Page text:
More damaging to the signal-fire story, is that the Meusebach-Comanche negotiations occurred on March 1 and 2, 1847, while Easter eve in that year fell on April 3. Perhaps these two major events in Fredericksburg’s first spring later merged in the popular mind, or possibly the initial Easter Fires frightened German children from Hesse or some other southern province where the custom was unknown. In any case, the Old World origin of the fires is incontestable.
The City of Fredericksburg, which owns the property, has plans to develop the park and add facilities in the future. A master plan has been developed, but its implementation has not yet been funded and may still be a few years away. It is accessible to the public free of charge. There are nature trails at the base of the hill, and several trails that lead to the top where one can enjoy a panoramic view of the town. There is a paved parking area a short distance from the entrance (but currently no restroom facilities).
The Fredericksburg Chapter of the Native Plant Society of Texas conducts field trips to Cross Mountain several times a year, and some members visit the park on a regular basis, and has compiled a list of plants found in the park and so far have identified over 130 species.
Go back towards town, turn right on West Austin Street.
The land on which this house sits once belonged to Christian Crenwelge, who sold the corner lot to John Knopp on December 8, 1871. Knopp was a stonemason and built the house. He had a farm a mile from here that his wife and children worked. Knopp died in 1917. In 1929, Albert Keidel, who owned the old Crenwelge home next door, purchased the property and began renovation. After many sales over the years, the stone building between the two larger houses is a part of both properties, the property line runs down a dividing wall.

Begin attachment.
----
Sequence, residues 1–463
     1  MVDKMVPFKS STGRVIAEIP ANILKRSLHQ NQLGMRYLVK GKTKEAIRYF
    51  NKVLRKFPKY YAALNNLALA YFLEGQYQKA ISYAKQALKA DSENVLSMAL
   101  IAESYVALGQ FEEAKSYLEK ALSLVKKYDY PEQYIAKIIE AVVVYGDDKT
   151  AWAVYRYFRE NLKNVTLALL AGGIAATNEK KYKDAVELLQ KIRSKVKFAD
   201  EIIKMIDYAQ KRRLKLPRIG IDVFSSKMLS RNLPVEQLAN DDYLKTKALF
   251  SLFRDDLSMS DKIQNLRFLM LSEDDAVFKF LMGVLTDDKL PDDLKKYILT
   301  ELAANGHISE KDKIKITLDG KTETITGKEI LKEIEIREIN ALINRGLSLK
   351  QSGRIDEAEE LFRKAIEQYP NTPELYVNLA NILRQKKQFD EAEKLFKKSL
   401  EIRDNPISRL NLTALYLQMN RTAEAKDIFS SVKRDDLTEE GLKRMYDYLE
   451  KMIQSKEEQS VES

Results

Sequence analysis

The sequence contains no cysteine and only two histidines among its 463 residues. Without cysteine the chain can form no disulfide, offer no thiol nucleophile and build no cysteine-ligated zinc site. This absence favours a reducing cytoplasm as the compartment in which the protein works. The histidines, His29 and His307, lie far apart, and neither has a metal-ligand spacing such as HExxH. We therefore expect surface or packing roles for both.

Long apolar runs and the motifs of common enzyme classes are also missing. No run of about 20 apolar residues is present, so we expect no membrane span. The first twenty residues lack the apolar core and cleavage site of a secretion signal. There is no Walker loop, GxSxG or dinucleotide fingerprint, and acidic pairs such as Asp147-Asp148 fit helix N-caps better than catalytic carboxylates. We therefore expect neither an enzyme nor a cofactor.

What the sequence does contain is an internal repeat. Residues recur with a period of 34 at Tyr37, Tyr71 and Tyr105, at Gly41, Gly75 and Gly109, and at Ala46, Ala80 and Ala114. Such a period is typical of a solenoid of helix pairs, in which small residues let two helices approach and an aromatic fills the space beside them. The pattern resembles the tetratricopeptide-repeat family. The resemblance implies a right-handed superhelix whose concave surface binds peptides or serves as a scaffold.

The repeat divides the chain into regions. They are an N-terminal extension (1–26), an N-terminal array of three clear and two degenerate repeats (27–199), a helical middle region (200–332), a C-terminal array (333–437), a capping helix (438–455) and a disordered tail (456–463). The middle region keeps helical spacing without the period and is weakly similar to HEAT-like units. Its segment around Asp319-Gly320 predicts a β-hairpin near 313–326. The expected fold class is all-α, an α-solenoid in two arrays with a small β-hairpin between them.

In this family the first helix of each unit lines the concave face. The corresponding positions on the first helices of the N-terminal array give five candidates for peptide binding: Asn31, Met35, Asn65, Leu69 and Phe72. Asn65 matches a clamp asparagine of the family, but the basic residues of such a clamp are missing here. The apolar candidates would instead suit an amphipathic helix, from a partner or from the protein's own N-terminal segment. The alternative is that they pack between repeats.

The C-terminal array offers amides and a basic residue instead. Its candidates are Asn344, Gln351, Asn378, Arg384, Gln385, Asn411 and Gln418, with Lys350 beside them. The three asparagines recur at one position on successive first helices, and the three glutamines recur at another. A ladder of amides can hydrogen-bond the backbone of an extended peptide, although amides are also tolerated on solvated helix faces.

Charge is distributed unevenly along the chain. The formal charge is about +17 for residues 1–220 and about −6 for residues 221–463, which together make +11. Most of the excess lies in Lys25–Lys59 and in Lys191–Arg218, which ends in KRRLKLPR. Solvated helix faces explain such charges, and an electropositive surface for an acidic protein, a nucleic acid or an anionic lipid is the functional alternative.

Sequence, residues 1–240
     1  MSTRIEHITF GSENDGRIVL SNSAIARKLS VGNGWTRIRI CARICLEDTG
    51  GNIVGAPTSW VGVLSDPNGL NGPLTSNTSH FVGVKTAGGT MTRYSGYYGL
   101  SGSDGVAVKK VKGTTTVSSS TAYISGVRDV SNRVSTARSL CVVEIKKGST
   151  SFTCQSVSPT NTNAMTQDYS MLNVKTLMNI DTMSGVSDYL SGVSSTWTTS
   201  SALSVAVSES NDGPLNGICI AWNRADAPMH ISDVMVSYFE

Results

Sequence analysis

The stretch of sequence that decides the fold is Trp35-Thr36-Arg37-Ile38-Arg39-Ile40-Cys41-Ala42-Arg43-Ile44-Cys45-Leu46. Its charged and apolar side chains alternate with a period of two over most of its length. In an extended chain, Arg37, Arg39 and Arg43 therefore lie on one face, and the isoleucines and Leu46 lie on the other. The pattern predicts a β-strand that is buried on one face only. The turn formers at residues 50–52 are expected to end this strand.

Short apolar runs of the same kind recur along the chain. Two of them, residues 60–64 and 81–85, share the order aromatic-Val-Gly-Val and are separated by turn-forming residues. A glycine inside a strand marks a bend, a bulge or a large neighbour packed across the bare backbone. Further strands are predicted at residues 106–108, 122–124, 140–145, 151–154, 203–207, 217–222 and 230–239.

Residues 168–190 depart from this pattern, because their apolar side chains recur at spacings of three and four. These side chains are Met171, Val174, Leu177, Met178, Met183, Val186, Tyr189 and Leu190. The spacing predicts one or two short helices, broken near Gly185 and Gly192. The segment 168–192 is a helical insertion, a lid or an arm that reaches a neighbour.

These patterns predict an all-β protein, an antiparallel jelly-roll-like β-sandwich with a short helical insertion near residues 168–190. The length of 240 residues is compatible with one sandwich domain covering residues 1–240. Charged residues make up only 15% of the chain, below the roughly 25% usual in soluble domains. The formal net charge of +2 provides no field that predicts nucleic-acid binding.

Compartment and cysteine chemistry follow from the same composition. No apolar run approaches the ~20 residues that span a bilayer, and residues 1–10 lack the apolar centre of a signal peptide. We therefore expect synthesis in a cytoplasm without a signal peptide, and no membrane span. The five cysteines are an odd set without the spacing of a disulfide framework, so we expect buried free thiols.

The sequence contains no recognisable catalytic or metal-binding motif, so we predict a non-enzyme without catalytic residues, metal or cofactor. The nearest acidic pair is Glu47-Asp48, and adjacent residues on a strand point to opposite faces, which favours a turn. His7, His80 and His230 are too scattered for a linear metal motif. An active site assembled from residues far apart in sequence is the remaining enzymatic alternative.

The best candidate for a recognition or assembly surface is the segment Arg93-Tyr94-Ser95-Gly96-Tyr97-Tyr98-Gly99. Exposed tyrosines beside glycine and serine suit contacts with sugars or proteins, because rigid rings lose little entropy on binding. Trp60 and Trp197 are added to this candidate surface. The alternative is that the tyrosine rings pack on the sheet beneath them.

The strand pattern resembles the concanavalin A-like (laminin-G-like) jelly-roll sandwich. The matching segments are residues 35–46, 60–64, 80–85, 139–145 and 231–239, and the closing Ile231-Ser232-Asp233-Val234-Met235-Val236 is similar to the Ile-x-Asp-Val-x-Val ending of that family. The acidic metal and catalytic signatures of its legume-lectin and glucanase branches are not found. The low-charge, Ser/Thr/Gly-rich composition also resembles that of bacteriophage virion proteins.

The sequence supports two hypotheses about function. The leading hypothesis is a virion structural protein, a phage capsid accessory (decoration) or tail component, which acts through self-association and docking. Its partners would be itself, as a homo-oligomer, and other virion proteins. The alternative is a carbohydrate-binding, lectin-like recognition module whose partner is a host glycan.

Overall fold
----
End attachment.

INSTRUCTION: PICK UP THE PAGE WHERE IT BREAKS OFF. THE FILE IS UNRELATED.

Walk to FM 965 and turn right. Go 2 miles until you find the entrance to Cross Mountain Park, on your left, and take a left. (You might want to do this in your car.)
Carved in the limestone rock above the doorway of the old William C. Henke home is “1886,” the year this house was built. The townlot was originally granted to P. Friess, and the next townlot to the west was granted to Peter Behrens, who later acquired the corner lot. He sold it to Julius Splittgerber, who took out a mortgage from Sophie Spaeth. They defaulted and the land passed into the Spaeth’s hands. Sophie’s husband, Ludwig, was killed by Indians in 1870 at age 39 while working in the fields on his place near Enchanted Rock. Sophie sold the corner lot to William Henke, son of Heinrich Henke who ran a meat market on Main and Llano Streets. William founded the Uptown Henke Meat Market. (William’s sister, Anna, was Admiral Chester W. Nimitz’s mother.) William ran his market from the front porch, originally. The butchering was done at different locations around town and the finsihed products were sold here. The porch was enclosed with Laden, or shutters, that made the porch an ideal spot to sell meat. Henke later added a frame structure over a back cellar and moved the shop into it. When he passed away, his children built the concrete building next door and that became the butcher shop, which closed in 1949. While the Henke’s lived here, the parents slept in at the back of the south side of the building, and their 10 children used the three rooms upstairs.
Alfred Giles was born at in Middlesex, England, on May 23, 1853 . At 17, he apprenticed at an architecture firm in London for two years. In 1873 he emigrated to the United States, settling in Texas in 1875. When he started his own architectural practice in San Antonio in 1876, Reconstruction was coming to an end in Texas, and soon, Giles’ business was booming. Giles designed buildings all across the Hill Country featuring local materials, mainly stone.
The William Bierschwale House was started in 1889. William was County Clerk and a was elected as a Representative to the state Legislature.